Some writers have suggested that the Hutaree arrests should rehabilitate the reputation of the Department of Homeland Security’s infamous report on right-wing extremism. But if anything, these splits on the right highlight the central problem with the paper. In the words of Michael German, a former FBI agent who now works for the American Civil Liberties Union, the DHS document focuses “on ideas rather than crime”; it was concerned with extremism itself, not with violence, and it gave no sign that you must be violent to meet its definition of “extremist.” That approach doesn’t just have ominous implications for civil liberties. To the extent that it catches on, it makes it less likely that the members of a group like the SMVM—a militia that felt the need to “keep an eye on” the Hutaree—will be able to cooperate in the fight against bona fide terrorism.

And that leads us to the biggest trouble with the dominant media narrative: It misdirects our attention. The historian Leo Ribuffo coined the term Brown Scare to describe a wave of countersubversive activity in the 1930s and ’40s, when an understandable fear of Nazis unleashed some much less defensible calls for, in Ribuffo’s words, “restrictions on the right of native ‘fascist’ agitators to speak, publish, and assemble.” In the process the authorities conflated some very different people together, leading to surveillance not just of German sympathizers but of reputable conservatives. Other historians have identified two subsequent Brown Scares, one in the early ’60s and one in the 1990s. Like the better-known Red Scares, but pointing rightwards rather than leftwards, a Brown Scare both exaggerates the threats at hand and obscures the distinctions between genuinely violent plotters, radical but peaceful activists, and members of the mainstream.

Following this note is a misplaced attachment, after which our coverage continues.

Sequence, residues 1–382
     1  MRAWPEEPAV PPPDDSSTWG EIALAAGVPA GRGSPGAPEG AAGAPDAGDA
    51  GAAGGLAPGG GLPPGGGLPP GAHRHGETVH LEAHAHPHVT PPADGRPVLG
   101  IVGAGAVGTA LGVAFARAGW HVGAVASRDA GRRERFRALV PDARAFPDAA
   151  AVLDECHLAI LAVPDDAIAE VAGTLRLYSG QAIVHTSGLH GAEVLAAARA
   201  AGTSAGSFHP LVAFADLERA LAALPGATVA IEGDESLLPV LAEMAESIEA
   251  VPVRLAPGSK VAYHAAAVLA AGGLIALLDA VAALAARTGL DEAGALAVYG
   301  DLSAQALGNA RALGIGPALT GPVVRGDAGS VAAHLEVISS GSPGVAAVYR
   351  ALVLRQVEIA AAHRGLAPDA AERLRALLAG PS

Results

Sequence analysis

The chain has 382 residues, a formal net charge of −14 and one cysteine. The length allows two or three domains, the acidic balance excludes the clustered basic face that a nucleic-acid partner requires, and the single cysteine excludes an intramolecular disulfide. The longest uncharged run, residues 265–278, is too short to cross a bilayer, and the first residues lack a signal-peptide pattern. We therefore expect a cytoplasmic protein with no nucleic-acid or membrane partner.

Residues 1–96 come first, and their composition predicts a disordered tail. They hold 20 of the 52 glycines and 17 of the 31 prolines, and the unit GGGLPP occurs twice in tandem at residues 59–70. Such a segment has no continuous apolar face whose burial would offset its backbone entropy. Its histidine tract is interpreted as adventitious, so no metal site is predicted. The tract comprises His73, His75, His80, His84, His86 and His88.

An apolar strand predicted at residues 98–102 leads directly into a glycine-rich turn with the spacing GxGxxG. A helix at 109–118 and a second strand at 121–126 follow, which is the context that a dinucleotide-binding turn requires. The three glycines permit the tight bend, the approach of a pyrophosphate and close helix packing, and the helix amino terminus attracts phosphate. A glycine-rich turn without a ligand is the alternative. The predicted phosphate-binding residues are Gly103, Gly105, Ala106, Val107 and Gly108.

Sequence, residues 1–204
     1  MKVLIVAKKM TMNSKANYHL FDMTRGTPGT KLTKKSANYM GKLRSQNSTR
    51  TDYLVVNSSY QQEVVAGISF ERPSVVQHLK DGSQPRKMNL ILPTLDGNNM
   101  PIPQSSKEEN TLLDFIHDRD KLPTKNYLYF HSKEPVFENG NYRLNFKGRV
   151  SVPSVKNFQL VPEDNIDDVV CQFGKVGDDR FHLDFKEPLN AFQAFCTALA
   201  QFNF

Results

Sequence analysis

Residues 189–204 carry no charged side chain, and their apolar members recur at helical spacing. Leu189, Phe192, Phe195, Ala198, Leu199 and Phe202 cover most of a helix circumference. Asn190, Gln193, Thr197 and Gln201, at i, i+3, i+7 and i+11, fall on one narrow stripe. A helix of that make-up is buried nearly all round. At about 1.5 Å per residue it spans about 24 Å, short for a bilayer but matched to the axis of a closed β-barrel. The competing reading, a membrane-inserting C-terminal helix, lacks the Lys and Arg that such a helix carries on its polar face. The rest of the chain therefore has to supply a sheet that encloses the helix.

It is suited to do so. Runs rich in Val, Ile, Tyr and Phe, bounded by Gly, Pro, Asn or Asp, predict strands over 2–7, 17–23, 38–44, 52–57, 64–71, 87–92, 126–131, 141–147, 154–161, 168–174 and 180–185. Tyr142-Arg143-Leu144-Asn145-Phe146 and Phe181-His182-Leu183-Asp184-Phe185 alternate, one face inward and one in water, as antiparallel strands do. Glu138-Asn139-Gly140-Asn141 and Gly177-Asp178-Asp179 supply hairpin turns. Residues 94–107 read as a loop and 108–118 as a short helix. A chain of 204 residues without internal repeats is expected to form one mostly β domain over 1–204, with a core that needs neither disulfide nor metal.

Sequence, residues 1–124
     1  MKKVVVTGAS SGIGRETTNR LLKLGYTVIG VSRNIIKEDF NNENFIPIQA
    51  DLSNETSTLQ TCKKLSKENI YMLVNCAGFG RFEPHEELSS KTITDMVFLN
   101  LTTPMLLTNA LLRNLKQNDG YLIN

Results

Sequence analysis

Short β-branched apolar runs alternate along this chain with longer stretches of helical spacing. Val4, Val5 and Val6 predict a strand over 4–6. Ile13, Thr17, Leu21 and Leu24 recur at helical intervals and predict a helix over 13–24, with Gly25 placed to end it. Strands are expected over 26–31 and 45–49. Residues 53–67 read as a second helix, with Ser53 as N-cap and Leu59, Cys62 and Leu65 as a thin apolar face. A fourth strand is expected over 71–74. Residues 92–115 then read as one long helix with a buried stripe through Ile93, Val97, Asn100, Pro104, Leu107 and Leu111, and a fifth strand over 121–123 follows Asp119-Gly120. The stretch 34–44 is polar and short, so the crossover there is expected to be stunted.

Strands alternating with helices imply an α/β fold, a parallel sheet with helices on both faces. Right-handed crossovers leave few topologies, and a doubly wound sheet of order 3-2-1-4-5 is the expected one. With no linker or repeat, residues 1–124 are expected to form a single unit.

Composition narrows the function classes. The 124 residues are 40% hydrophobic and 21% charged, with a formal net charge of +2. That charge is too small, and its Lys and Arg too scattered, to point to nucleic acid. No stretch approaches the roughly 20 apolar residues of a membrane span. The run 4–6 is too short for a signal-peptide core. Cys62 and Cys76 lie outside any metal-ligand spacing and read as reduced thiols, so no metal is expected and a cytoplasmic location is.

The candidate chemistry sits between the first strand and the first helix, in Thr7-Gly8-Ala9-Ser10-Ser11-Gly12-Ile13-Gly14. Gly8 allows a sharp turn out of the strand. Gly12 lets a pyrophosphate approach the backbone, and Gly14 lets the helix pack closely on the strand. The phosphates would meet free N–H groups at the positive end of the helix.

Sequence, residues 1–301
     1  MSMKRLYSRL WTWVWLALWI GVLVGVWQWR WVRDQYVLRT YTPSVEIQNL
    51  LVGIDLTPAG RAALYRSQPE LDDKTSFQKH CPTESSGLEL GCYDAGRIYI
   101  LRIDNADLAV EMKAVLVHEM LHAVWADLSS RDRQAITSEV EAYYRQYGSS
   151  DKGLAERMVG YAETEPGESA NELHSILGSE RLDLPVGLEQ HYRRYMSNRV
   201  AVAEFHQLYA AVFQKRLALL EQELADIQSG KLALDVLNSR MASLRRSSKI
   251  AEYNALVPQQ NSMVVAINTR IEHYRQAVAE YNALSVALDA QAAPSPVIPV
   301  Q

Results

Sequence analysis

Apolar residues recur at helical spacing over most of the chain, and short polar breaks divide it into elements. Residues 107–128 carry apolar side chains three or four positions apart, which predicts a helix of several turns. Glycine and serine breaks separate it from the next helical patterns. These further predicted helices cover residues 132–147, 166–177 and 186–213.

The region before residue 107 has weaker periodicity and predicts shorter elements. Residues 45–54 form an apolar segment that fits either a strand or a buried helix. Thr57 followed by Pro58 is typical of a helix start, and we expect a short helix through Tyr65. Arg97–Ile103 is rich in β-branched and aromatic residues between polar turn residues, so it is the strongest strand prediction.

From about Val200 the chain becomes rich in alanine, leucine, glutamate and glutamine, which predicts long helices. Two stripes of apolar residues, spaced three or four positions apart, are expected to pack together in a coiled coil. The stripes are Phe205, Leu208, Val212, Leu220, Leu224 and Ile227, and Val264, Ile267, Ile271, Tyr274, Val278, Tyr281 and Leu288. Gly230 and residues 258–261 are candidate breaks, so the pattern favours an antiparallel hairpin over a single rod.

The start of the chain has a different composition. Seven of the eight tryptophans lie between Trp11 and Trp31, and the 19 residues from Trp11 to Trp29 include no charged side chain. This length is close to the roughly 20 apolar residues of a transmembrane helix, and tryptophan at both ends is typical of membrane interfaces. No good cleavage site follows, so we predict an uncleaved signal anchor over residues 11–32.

You can see such a mindset at work in the SPLC’s watch list. You can see it in press accounts that blur still more boundaries, so that there seems to be little difference between a terror cell and a Tea Party. You can see it in documents like the Department of Homeland Security’s report. You’re even beginning to see it in legislation. Late last month the Oklahoma House voted 98-1 to amend a bill that, among other provisions, increased the penalties for recruiting new gang members. Under the revised legislation, the same penalties would befall recruiters for unauthorized militias.

That is where we stand today. We can reenact the Brown and Red Scares of the past, or we can pull back from a mentality that has never been good for either liberty or security; we can plunge further into madness like the Oklahoma bill, or we can adopt the measured skepticism displayed this week by Judge Roberts. Choose wisely.

Meanwhile, in Arizona police actually are being killed. Two Phoenix cops were killed in one year recently by illegal aliens. Maybe the Feds ought to focus their attention in the right place. Here is a photo from a recent pro-illegal immigration rally:

I guess the media would consider the message on this protestor’s sign to be merely “loose talk,” and nothing to worry about. That illegal aliens have in fact shot police officers, creating widows and orphans, is just an inconvenient fact to be ignored. It’s the media narrative that must be expounded and protected.

Jesse Walker is a managing editor of Reason Magazine and also the author of Rebels on the Air: An Alternative History of Radio in America